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Good Morning. This is Evelyn Lees with the
A few light snow flurries have been reported in the mountains this morning. While no measurable snow fell over night, most areas received 1 to 3 of thick snow from the last disturbance. Yesterday, the rain/snow line was near 7,500 at times, and what was falling at the higher elevations was generally over 10% density. Winds are from the west-northwest and quite light, in the 5 to 15 mph range. Temperatures are slightly cooler than yesterday morning, near 20 at 10,000, and near 30 at 8,000. Turning conditions are surprisingly good in the thick powder on shady slopes, and the dense snow is making the crusts more friendly.
It takes unreasonably warm temperatures have us worrying about wet snow sluffs and slabs in the month of January. Yet yesterday, the few inches of dense new snow were sluffing easily on steep slopes. And today, the expected 1 to 3 of dense snow could just be enough to tip the balance on some steep slopes.
At mid and low elevations, where there is a shallow punchy snowpack, once a sluff gets moving, it could gouge to the ground or even trigger a damp slab. A few natural sluffs are possible at lower elevations. So be especially careful to avoid terrain traps such as gullies where even a small sluff can pile the snow up deeply.
At the upper elevations, it will be possible to trigger both sluffs and the shallow wind slabs that have been forming along the ridges. Once triggered, they have the potential to break into the weak snow below the thin sun and wind crusts, creating a larger wider slide.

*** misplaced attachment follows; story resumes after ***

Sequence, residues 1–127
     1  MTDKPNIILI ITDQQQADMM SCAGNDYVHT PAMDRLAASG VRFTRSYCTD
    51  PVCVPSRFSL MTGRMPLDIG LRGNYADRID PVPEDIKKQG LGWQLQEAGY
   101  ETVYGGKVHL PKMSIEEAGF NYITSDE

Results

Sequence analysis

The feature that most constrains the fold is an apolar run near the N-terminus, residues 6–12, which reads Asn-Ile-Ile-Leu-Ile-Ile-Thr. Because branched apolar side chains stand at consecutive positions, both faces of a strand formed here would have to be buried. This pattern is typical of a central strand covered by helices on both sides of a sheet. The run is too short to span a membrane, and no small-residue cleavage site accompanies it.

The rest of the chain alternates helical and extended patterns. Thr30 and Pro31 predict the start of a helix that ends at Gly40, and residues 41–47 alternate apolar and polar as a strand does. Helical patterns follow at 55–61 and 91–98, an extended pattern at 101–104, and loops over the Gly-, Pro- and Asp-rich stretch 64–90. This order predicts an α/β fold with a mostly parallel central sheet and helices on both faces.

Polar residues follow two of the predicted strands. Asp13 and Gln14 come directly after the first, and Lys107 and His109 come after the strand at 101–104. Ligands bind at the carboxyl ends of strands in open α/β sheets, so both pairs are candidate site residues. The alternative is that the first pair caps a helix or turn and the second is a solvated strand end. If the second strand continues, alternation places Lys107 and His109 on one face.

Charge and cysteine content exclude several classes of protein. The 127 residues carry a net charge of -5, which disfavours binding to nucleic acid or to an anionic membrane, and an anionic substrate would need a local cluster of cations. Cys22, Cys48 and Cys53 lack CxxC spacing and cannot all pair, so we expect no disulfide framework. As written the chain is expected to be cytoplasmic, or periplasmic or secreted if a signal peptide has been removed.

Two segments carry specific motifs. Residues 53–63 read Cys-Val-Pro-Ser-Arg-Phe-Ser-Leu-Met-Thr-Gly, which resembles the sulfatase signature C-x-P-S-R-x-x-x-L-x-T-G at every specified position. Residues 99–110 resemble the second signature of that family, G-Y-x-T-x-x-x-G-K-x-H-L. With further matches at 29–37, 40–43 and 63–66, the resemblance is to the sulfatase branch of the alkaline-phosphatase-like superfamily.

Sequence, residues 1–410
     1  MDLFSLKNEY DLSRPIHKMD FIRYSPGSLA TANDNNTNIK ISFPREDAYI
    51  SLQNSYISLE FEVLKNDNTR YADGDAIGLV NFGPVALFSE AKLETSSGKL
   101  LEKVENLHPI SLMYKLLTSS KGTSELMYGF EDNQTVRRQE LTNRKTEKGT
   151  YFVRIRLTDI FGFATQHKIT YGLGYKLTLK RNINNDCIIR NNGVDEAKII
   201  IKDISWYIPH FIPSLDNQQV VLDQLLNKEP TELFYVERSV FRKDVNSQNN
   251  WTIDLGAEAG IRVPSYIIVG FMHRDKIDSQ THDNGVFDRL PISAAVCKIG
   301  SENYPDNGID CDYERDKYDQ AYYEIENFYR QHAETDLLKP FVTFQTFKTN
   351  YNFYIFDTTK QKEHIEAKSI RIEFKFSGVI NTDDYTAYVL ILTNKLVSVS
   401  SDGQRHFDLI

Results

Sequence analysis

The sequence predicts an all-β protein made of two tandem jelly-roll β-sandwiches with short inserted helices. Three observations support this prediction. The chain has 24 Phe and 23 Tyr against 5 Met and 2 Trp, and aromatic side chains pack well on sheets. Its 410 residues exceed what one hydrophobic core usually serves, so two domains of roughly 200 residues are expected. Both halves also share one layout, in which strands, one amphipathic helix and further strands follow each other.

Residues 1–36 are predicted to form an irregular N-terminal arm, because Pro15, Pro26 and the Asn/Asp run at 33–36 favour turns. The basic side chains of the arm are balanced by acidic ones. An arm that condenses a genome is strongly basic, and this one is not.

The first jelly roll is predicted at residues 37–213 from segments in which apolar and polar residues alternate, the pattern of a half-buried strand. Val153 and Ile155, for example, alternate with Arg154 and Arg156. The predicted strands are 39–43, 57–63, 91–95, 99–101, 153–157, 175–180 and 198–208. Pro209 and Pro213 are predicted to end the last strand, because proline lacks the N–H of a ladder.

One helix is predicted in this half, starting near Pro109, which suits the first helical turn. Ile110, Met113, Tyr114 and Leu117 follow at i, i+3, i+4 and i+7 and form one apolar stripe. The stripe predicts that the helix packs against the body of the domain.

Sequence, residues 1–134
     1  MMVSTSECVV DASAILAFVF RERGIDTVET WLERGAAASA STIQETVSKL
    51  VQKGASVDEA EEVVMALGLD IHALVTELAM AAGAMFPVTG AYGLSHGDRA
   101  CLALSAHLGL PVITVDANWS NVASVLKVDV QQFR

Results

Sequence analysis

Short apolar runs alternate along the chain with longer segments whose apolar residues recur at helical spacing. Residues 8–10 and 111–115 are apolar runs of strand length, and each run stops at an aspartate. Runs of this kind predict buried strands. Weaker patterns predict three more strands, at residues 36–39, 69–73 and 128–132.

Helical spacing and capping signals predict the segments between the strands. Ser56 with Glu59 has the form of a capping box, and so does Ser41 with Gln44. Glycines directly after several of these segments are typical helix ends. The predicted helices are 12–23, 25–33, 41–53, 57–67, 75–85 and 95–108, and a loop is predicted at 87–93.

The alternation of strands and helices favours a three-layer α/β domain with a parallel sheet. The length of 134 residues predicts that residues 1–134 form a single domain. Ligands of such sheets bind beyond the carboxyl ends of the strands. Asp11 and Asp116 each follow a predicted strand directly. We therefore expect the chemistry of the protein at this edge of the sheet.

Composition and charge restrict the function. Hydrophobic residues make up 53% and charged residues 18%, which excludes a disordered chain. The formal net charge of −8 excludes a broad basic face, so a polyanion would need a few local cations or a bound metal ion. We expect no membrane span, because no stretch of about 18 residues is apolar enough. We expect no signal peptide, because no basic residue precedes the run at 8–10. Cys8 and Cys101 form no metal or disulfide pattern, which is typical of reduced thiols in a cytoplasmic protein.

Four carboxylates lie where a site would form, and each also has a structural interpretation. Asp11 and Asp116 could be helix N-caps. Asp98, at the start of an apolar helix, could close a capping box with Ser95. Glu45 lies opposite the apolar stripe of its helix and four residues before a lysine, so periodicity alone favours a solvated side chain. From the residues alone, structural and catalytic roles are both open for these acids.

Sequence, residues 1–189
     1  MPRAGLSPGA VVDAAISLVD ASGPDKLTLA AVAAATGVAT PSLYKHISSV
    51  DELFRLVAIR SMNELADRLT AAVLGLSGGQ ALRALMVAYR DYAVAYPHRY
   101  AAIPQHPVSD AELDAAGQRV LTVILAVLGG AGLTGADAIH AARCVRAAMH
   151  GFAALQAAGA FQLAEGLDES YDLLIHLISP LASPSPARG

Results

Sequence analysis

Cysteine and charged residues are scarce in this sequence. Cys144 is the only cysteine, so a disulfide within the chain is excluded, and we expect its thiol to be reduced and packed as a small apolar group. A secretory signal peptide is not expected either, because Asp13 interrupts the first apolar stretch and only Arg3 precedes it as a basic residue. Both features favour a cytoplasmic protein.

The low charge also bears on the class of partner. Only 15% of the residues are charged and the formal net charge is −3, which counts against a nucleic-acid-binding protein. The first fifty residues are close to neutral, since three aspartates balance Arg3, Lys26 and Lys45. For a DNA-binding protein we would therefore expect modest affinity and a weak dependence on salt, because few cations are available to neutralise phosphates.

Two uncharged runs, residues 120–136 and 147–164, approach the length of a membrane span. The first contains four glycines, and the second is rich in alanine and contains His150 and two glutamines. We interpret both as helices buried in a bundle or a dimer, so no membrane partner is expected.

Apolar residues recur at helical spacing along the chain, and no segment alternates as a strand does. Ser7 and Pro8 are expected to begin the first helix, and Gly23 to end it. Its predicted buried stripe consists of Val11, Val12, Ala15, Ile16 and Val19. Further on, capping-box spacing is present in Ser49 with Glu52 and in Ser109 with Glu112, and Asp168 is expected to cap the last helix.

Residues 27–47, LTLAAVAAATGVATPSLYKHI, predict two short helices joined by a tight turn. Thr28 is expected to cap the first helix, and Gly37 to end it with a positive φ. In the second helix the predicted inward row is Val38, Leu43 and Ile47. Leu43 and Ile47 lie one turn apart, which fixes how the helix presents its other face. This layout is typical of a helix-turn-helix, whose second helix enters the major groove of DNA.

So today, be alert for an increasing avalanche danger. If you are in an area that receives more new snow than expected - 3 or more inches - or in an area where the winds pick up and start drifting the snow, the danger will rise rapidly.
Bottom Line (SLC,
If we get more than a couple inches of snow today, the danger will rise to MODERATE on slopes steeper than about 35 degrees, especially with recent wind drifts. There is a mostly LOW avalanche danger on slopes less steep than 35 degrees.
Another weak weather system is moving into the northern mountains this morning. Storm totals should be about 1 to 3 today, of about 10% density snow. High temperatures will be in the low to mid 30s at 8,000and in the low to mid 20s at 10,000. The rain/snow line should be a bit lower than yesterday, around 6,000. Winds will be from the northwest, and increase into the 10 to 20 mph range. Tonight, skies will start to clear as the atmosphere dries out and a ridge builds over us for Sunday. Another weak system is expected for Monday into Tuesday.
Weather permitting, Wasa
The Friends of the Utah
On Sunday February 2nd
there will be a fundraiser for the Wasa
To report backcountry snow and avalanche conditions, especially if you observe or trigger an avalanche, call (801) 524-5304 or 1-800-662-4140, or email to [email protected] or fax to 801-524-6301. The information in this advisory is from the U.S. Forest Service, which is solely responsible for its content. This advisory describes general avalanche conditions and local variations always occur.
Ethan Greene will update this advisory by on Sunday morning.
Thanks for calling!
For an explanation of avalanche danger ratings: